40 Teach Abstract Concepts through Play

41 Teach Negotiation and Planning

42 Floor Time Guidelines  minutes of uninterrupted time  Stay patient and relaxed  Don’t worry about looking silly  Empathize with child’s emotional tone and mood  Monitor tone of voice and gestures  Don’t stop successful activities  Be aware of your own feelings that may interfere with efforts  Set your limits and be consistent

43 The “Hard to Woo” child  Build on sensory preferences  Ascribe intent to all behaviors  Playfully obstruct  Use blankets, veils, scarves to build mutual attention  Use water, shaving cream, paint, whipped cream  Use a variation of favorite things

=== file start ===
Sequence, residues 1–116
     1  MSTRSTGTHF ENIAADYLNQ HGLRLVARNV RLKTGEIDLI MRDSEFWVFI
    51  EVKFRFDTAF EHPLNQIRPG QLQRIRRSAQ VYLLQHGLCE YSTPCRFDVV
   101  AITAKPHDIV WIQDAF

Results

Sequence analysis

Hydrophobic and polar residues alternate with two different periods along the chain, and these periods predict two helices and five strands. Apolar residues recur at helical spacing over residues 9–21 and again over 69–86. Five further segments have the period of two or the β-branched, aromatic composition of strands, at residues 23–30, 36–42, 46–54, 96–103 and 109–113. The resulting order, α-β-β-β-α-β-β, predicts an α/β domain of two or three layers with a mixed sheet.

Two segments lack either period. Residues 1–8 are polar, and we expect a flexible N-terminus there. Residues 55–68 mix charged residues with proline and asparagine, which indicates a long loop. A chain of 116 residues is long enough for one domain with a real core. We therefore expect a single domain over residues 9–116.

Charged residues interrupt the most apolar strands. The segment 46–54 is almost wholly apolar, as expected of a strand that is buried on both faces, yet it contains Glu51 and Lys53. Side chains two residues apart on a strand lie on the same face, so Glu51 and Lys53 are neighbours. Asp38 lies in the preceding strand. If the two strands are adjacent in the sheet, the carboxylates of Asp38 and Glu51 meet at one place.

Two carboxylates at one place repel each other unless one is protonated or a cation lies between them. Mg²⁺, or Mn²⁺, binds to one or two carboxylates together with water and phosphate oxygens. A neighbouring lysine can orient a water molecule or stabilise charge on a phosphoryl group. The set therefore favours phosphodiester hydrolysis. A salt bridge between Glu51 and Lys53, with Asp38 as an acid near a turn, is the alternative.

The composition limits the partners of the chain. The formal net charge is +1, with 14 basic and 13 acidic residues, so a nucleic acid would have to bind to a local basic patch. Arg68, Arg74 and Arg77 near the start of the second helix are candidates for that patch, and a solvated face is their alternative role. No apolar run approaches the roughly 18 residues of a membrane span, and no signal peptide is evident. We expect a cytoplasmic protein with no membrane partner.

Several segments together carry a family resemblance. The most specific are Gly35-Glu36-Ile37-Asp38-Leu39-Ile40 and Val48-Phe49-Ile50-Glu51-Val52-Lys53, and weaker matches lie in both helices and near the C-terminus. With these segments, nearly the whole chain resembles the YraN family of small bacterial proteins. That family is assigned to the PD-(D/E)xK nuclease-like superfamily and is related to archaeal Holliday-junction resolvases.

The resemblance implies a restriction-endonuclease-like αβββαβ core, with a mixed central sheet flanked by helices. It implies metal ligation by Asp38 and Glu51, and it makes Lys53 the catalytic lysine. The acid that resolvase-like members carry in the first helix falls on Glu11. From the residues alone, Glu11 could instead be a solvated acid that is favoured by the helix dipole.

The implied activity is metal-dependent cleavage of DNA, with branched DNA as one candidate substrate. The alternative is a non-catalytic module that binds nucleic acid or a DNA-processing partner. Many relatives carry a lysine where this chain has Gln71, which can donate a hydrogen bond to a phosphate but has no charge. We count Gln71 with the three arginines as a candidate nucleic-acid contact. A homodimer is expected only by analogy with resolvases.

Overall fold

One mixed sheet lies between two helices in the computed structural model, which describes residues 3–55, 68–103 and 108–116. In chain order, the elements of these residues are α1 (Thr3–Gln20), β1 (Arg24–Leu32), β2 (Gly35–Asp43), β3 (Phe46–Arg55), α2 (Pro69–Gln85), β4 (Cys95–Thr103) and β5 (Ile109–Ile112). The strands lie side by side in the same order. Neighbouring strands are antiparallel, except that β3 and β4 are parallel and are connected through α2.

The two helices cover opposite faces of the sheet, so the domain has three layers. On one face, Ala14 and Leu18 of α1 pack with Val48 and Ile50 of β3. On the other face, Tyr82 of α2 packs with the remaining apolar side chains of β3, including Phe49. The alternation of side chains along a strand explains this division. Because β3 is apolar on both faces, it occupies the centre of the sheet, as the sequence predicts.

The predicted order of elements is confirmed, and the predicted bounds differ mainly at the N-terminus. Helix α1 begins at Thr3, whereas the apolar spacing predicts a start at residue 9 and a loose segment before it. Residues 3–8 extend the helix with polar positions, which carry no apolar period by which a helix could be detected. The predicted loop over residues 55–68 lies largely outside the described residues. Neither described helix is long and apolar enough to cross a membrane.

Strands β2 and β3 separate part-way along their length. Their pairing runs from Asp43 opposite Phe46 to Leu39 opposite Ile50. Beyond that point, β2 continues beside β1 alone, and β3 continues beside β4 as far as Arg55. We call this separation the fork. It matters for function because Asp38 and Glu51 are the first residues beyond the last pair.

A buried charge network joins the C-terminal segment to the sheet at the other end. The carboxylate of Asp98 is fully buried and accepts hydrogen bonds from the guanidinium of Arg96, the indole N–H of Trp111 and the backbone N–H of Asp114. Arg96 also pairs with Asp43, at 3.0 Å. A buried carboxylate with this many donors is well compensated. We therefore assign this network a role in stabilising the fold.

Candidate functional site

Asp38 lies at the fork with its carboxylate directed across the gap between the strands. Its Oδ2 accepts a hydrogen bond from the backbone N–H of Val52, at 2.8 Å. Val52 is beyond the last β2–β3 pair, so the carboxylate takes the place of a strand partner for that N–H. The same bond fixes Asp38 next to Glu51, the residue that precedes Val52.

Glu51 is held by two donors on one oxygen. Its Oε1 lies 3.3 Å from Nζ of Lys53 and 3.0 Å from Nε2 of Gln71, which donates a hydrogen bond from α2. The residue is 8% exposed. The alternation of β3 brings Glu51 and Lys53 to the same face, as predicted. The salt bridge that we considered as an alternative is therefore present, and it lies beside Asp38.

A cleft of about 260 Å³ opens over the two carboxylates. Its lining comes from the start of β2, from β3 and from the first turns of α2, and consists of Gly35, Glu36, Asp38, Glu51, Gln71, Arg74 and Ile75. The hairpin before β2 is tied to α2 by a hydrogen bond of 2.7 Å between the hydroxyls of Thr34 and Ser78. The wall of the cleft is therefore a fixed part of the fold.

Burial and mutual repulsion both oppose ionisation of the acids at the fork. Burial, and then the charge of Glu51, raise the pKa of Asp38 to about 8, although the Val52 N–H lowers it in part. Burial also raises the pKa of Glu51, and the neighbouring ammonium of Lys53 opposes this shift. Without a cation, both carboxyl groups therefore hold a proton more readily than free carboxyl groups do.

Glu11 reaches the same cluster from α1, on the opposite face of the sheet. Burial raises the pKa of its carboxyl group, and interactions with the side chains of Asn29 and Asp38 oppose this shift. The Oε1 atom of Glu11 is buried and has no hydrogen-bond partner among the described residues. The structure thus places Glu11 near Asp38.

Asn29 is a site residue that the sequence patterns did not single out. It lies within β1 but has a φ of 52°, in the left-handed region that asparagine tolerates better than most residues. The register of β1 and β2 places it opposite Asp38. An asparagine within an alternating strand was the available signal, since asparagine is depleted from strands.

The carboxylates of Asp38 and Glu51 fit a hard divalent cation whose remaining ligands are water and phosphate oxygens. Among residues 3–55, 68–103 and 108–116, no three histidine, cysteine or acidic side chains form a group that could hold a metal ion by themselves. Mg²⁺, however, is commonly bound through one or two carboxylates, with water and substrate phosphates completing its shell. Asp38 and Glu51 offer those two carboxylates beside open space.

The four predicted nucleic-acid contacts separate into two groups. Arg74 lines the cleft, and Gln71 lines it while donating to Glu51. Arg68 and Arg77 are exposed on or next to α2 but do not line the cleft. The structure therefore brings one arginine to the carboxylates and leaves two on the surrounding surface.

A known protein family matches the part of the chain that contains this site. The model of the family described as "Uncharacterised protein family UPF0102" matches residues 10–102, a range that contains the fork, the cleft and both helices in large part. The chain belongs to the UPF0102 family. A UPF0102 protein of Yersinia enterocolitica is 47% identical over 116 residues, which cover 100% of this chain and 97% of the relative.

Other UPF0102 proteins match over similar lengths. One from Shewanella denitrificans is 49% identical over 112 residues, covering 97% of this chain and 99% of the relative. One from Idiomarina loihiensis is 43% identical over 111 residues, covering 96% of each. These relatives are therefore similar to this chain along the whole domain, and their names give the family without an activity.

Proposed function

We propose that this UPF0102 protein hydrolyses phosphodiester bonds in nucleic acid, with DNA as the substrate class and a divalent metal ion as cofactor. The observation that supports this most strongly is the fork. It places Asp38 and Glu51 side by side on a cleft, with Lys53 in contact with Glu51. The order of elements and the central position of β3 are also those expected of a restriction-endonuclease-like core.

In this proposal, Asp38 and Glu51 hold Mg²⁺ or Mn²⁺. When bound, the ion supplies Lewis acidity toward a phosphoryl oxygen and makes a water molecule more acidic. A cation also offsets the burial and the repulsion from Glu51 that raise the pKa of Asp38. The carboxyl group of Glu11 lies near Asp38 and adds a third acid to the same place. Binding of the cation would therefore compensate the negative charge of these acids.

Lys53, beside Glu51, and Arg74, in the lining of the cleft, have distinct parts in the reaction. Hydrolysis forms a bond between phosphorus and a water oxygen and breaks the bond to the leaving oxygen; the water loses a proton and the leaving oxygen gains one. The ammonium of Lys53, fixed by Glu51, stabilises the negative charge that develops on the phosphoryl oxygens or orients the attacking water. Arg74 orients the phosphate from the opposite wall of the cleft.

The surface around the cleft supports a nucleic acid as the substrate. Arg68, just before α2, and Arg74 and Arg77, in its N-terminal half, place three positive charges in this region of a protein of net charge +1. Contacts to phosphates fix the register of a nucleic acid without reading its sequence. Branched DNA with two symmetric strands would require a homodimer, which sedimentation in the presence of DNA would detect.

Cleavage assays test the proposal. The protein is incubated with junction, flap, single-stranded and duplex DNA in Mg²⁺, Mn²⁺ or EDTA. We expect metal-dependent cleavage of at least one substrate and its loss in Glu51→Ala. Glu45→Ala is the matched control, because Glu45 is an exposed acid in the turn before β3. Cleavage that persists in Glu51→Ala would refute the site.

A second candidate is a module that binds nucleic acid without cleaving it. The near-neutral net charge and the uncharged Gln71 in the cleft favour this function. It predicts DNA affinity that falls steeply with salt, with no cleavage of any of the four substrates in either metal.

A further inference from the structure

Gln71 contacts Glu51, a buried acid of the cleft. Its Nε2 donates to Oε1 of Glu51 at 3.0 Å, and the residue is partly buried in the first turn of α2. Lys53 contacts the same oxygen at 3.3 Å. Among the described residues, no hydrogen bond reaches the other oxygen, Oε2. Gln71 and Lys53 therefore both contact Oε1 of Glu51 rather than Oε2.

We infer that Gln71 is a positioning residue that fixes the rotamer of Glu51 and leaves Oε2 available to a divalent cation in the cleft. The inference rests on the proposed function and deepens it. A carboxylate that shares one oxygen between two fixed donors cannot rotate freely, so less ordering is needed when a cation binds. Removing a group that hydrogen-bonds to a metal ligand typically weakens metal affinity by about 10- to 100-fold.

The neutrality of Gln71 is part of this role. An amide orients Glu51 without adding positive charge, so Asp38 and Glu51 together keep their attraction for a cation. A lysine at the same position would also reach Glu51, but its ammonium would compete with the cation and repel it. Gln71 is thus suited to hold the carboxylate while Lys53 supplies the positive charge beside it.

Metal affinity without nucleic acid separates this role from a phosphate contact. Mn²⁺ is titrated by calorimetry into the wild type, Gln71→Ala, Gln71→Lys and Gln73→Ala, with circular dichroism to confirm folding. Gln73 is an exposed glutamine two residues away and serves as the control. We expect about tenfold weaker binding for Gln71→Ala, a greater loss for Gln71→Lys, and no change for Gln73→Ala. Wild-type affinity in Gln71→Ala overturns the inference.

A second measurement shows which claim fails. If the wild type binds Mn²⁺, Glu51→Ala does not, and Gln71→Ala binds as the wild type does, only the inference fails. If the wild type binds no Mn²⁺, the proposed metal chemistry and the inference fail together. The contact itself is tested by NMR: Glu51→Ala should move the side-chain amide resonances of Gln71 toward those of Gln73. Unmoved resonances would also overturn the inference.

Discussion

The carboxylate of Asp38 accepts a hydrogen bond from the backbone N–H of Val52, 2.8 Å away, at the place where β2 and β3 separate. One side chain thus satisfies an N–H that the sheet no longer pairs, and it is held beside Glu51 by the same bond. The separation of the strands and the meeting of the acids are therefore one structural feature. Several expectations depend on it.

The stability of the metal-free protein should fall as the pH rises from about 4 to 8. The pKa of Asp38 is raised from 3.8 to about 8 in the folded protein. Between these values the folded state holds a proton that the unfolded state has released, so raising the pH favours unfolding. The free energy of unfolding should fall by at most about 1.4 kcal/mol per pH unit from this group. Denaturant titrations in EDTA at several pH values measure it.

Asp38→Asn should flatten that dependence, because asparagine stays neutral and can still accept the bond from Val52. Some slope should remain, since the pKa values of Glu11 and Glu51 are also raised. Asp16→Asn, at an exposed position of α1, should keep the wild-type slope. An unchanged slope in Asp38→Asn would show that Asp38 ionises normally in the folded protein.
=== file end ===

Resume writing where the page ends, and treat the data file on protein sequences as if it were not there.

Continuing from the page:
44 Monitor Yourself  Do I balance what’s showing up in the child?  Do I give gentle looks?  Is my body posture supportive?  Am I able to help the child identify play themes?  Do I approach the child slowly with respect and thoughtfulness?

45 Home Based Opportunities for Floor Time  Dressing and undressing  Mealtime  Car time  Coming and going time  Bath time  Book time  Bedtime

46 Turning Every Day Activity into Problem Solving  Chair not close to table when meal arrives  Bottle not open when you try to pour juice  Bathtub empty at bath time  Shoes hidden from usual place  Changing location of favorite toys  Put 2 socks on same foot  Put shirt on feet  Give child adult shoes  Mix 2 sets of puzzle pieces

47 The Bottom Line  People are fun!  Communication is fun!  Communication is valuable.  Emotions are important.  Play mimics life.

48 Thank You for Listening!